Donald Trump Stokes Iran War Fears, Warns 'They Will Suffer Greatly' If They 'Do Anything'

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Iranian forces take part in the "National Persian Gulf day" in the Strait of Hormuz, on April 30. Iran has warned its fast attack ships were capable of taking out U.S. Navy assets should they spark a confrontation in the strategic oil chokepoint. ATTA KENARE/AFP/Getty Images

President Donald Trump did not dismiss the potential for a war between the United States and Iran Monday as tensions escalated with reports of recent, unclaimed attacks against commercial tankers near the world's busiest oil chokepoint.

At a White House press conference alongside Hungarian Prime Minister Viktor Orbán, Trump offered his first remarks on Iran after up to four tankers—of which two are believed to be Saudi and one Norwegian—were damaged Sunday off the coast of the United Arab Emirates' Fujairah Emirate in the Sea of Oman. Saudi Arabia and the UAE described the attacks as "sabotage" acts.

"We'll see what happens with Iran. If they do anything, it will be a big mistake," Trump told reporters when asked about rising tensions with Tehran. "I'm hearing little stories about Iran. If they do anything, they will suffer greatly."

Asked directly about the apparent attacks in the Sea of Oman, Trump again said, "We'll see what happens with Iran." He that "it's gonna be a bad problem for Iran if something happens, I can tell you that. They're not going to be happy."

When journalists requested clarification, Trump said, "You can figure it out yourself. They know what I mean."

Iranian forces take part in "National Persian Gulf Day" in the Strait of Hormuz on April 30. Iran has warned its fast attack ships are capable of taking out U.S. Navy assets should they spark a confrontation in the strait, a strategic oil chokepoint. ATTA KENARE/AFP/Getty Images

The attack off the UAE coast came just a day after the U.S. warned of "an increased possibility that Iran and/or its regional proxies could take action against U.S. and partner interests, including oil production infrastructure, after recently threatening to close the Strait of Hormuz." The strait is located less than 100 miles away, and a third of the world's maritime oil traffic passes through it.

Earlier on Monday, Iranian Foreign Ministry spokesman Abbas Mousavi expressed "regret" about Sunday's incident and called it "concerning." He called for "clarification" on what exactly happened and criticized the "negative impact of the incident on the security of the shipping industry and on maritime transit in the region."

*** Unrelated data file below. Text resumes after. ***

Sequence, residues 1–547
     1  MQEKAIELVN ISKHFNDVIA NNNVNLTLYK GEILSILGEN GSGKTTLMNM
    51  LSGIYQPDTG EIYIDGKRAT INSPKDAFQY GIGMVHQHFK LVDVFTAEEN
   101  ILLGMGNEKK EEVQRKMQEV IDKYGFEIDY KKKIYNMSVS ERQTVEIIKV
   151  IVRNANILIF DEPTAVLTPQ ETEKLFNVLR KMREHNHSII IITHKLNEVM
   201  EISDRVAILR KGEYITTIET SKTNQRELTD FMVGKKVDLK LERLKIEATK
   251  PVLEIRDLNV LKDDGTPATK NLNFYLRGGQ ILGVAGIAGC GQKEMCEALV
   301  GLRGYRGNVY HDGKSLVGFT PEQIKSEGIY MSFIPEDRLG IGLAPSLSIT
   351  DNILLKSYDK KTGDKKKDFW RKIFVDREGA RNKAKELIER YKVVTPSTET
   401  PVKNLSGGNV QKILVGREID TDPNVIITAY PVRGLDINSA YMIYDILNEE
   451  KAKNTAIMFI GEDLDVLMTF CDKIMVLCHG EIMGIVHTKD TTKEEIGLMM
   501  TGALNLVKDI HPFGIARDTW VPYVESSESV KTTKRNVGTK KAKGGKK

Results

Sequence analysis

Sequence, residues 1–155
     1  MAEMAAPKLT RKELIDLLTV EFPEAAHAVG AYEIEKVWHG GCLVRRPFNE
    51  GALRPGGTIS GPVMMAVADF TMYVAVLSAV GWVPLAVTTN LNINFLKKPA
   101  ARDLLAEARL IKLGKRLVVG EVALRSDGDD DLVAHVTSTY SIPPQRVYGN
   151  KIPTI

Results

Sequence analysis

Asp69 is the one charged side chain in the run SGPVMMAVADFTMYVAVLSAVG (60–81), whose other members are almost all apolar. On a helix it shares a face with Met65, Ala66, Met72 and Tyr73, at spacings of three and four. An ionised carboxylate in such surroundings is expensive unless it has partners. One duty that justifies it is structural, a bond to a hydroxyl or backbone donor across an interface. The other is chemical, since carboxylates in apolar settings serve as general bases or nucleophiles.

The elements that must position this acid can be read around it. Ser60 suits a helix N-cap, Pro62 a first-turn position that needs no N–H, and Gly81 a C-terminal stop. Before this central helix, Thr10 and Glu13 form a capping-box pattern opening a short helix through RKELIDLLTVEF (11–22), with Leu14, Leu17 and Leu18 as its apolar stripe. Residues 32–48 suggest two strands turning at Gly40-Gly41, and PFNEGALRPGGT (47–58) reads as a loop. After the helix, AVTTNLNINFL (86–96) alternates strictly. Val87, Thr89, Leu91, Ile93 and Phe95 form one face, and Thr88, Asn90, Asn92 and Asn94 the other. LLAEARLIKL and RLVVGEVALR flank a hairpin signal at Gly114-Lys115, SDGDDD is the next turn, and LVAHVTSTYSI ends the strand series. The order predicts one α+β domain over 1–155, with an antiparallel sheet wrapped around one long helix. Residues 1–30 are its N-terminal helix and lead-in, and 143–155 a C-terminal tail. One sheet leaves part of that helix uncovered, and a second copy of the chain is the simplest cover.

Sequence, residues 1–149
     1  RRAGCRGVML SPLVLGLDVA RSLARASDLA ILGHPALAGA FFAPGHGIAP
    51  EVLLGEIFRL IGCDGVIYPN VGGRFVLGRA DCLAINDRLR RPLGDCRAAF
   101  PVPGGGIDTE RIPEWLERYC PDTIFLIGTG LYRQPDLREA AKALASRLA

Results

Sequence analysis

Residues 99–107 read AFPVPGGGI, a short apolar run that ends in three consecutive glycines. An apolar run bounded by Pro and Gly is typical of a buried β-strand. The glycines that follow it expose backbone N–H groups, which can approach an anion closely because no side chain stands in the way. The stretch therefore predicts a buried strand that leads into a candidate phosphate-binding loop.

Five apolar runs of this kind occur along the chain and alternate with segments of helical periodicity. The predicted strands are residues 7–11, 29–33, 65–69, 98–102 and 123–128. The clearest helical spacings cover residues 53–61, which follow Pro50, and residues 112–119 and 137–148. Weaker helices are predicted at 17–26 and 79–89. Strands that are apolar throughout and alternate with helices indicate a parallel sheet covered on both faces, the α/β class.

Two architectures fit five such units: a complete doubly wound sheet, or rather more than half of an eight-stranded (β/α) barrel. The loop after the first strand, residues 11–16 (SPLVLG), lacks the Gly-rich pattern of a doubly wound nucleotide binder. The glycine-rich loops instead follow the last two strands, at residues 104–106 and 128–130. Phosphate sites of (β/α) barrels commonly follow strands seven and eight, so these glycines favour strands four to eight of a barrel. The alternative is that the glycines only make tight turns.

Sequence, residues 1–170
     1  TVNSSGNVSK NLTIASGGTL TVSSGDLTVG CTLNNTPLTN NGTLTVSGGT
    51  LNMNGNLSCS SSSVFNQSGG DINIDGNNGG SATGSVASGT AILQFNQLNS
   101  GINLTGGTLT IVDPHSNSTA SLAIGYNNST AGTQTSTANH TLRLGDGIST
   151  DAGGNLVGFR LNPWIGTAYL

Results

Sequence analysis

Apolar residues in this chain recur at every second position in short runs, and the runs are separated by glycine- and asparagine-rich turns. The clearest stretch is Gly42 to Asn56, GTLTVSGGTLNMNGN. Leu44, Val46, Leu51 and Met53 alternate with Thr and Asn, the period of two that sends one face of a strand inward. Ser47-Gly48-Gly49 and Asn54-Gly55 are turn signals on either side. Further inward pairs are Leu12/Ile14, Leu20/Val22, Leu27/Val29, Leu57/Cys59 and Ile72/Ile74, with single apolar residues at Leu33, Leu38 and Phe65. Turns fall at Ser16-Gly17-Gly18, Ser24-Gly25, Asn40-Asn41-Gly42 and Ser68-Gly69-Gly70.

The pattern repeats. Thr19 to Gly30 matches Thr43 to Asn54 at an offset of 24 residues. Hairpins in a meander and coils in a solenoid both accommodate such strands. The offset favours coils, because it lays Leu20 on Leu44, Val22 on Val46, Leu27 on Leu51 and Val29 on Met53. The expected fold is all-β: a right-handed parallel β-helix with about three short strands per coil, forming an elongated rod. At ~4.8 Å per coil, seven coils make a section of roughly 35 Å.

At the same time, he warned against "any malicious attempt by conspirators to undermine stability and security in the region" and called for "the regional countries to be alert to any adventurism by foreign elements."

The latest developments came at a time of worsened frictions between the two longtime foes. The relationship took a steep dive after Trump pulled the U.S. out of the 2015 nuclear deal last year, accusing Tehran of using sanctions relief to fund militant groups and develop ballistic missile technology. On the anniversary of this exit Wednesday, Iran announced it would end some of its commitments under the deal because European parties to the agreement had not lived up to their end of the bargain in the face of U.S. economic pressure since the pullout.

The Trump administration has sought to use sanctions to bring Iran's oil exports to zero, eliciting Iranian threats to close the Strait of Hormuz. Last week, White House national security adviser John Bolton announced that the USS Abraham Lincoln Carrier Strike Group and a bomber task force were heading to the Middle East following "a number of troubling and escalatory indications and warnings" toward U.S. interests in the region.

The crude oil tanker Amjad, one of two Saudi tankers reportedly damaged May 12 in mysterious attacks off the coast of the emirate of Fujairah in the Sea of Oman. KARIM SAHIB/AFP/Getty Images

Iranian Foreign Minister Mohammad Javad Zarif has grouped Bolton with Israeli Prime Minister Benjamin Netanyahu, Saudi Crown Prince Mohammed bin Salman and UAE President Khalifa bin Zayed Al Nahyan as part of the so-called B-Team he has accused of pushing their nations toward war with Iran.

Tehran's envoy to the United Nations, Majid Takht Ravanchi, called Bolton's claims of an impending Iranian plot "fake intelligence" that was "being produced by the same people who, in the run-up to the U.S. invasion of Iraq, did the same. " His reference was to Bolton's role in supporting the 2003 Iraq War based on claims it had weapons of mass destruction and harbored links to Al-Qaeda, later found to be false.

Earlier this week, Secretary of State Mike Pompeo canceled a trip to Germany and made a surprise stop to Iraq amid reported "information that indicates that Iran is escalating their activity." On Monday, the top U.S. diplomat again suddenly switched his plans, skipping Moscow for a trip to Brussels, where he will "meet with European allies to discuss recent threatening actions and statements by Iran."

Pompeo was set to travel later to Russia's Black Sea city of Sochi to meet Foreign Minister Sergey Lavrov, who on Monday met his Chinese counterpart, Wang Yi. Moscow and Beijing have declared their continued support for the Iran deal and have called on the EU, France, Germany and the United Kingdom to normalize trade ties with Tehran, as their agreement stipulated.